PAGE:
Making a holiday gift list and checking it twice? One of the people you may want to check with is your accountant. That’s because year end is often a good time to consider how giving can affect your tax return. In addition, the Katrina Emergency Tax Relief Act of 2005 included changes with regard to charitable contributions that may benefit you.
Here’s an overview of some of the rules relating to gifts you make to charities.
- Donations you make to organizations qualified to receive them are generally tax deductible. Qualified organizations can include, among others, war veteran’s posts, religious institutions, and associations such as those working to prevent cruelty to animals. If you’re in doubt about a charity’s status, check IRS Publication 78, or request proof from the charity.
Note: Charitable contributions are an itemized deduction. That means you’ll get no benefit on your tax return if you use the standard deduction. In some cases, even if you itemize, your deduction may be limited. Special rules apply in this situation for donations made after August 28, 2005.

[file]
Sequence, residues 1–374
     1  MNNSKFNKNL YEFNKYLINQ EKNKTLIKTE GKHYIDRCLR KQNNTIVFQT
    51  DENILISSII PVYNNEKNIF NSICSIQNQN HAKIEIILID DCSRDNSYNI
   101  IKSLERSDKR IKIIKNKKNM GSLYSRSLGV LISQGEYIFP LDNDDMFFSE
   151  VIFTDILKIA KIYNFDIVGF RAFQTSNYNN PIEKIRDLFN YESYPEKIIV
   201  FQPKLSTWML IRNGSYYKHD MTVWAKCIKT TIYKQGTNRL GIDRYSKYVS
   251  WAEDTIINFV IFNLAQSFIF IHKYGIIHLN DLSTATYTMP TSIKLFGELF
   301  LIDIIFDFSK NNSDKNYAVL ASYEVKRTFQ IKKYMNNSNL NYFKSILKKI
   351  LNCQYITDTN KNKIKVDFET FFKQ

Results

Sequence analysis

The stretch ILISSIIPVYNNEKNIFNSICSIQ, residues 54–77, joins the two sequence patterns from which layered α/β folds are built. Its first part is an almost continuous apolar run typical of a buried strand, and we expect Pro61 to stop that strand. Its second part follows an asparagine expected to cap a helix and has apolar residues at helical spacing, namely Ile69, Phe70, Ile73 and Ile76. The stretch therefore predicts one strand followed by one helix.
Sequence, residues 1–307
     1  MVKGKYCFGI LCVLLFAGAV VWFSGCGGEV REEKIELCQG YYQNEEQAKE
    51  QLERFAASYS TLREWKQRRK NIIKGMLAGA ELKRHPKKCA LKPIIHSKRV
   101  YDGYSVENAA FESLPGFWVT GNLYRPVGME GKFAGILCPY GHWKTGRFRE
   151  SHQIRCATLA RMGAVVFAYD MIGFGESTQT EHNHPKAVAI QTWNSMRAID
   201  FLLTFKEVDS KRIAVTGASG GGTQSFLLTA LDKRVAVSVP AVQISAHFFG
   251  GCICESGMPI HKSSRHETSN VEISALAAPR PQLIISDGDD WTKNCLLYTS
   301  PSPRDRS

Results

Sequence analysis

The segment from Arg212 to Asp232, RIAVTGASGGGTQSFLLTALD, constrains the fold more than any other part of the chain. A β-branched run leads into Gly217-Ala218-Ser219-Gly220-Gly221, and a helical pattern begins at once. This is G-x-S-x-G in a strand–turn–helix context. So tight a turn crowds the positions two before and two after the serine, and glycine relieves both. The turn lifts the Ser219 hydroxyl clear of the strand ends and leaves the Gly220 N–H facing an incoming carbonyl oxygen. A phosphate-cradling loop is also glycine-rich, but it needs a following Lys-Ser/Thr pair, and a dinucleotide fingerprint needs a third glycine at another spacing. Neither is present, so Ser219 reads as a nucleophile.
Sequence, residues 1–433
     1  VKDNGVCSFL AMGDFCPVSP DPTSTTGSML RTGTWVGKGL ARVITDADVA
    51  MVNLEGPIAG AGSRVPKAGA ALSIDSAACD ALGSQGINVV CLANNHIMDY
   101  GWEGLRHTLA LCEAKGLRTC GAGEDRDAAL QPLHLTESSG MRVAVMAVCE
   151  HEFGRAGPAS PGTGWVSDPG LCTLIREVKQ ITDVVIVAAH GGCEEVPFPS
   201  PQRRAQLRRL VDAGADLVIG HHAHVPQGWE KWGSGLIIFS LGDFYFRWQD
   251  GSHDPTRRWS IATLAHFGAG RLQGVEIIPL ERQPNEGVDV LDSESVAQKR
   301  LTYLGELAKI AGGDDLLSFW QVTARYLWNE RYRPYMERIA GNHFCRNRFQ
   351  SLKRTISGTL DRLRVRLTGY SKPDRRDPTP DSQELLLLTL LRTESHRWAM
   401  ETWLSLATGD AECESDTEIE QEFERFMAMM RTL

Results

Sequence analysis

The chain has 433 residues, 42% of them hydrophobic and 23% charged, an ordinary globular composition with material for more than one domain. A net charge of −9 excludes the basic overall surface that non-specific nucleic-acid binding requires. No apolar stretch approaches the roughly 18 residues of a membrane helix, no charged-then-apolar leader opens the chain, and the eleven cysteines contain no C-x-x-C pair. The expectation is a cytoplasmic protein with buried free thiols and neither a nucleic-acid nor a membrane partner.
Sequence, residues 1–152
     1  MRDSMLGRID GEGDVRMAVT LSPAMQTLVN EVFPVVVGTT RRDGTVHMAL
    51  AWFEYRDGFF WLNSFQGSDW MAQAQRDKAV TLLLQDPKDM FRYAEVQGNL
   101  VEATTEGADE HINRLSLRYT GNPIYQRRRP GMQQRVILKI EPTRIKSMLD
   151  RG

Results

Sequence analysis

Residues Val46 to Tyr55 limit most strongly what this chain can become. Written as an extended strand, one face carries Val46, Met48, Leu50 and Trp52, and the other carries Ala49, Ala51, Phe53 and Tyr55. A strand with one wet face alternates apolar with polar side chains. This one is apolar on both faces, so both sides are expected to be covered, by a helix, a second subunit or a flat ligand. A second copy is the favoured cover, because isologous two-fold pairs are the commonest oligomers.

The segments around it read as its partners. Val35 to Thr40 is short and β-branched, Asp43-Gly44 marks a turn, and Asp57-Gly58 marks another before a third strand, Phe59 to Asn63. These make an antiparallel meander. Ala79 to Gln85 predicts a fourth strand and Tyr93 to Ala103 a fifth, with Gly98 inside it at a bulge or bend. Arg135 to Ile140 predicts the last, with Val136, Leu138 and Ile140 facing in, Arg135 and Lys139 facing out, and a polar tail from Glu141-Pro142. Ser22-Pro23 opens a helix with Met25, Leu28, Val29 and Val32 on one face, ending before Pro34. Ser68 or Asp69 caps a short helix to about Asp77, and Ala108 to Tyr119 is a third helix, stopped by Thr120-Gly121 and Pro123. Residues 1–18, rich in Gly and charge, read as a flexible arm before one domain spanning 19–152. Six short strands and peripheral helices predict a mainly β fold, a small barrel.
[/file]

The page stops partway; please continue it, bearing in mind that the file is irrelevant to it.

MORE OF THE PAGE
- To deduct contributions in excess of $250, you’ll need a written acknowledgment from the charity.
- Gifts to individuals, even to someone who needs assistance, are generally not deductible, except in special situations relating to sponsored students.Note: For 2005, if you offered shelter to a Katrina victim in your home, you may be eligible for a special tax break outside of the charitable contribution rules.
- Donations of your time or services are not deductible. But keep track of the miles you drive while performing services, because those are considered contributions.
Note: For 2005, the standard rate is $0.14 per mile. Mileage directly related to Hurricane Katrina is eligible for a higher rate ($0.29 from August 25, 2005 through August 31, 2005, and $0.34 from August 31, 2005 through December 31, 2005).
- To claim a charitable deduction on your 2005 tax return, you’ll need to make the deduction before the end of December, either in cash or by credit card.
This list is necessarily brief and general in nature, and there may be other rules pertaining to charitable contributions that can affect you. Additionally, as is usual when dealing with tax law, exceptions and special circumstances abound. Consult your tax advisor for advice pertaining to your situation.